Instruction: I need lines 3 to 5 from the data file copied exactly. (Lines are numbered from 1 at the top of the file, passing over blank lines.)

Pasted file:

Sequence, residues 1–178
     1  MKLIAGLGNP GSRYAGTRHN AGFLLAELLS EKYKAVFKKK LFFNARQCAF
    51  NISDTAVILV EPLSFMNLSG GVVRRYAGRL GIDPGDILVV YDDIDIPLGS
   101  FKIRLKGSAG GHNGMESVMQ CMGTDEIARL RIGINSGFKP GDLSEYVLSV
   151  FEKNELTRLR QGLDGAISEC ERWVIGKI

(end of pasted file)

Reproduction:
    51  NISDTAVILV EPLSFMNLSG GVVRRYAGRL GIDPGDILVV YDDIDIPLGS
   101  FKIRLKGSAG GHNGMESVMQ CMGTDEIARL RIGINSGFKP GDLSEYVLSV
   151  FEKNELTRLR QGLDGAISEC ERWVIGKI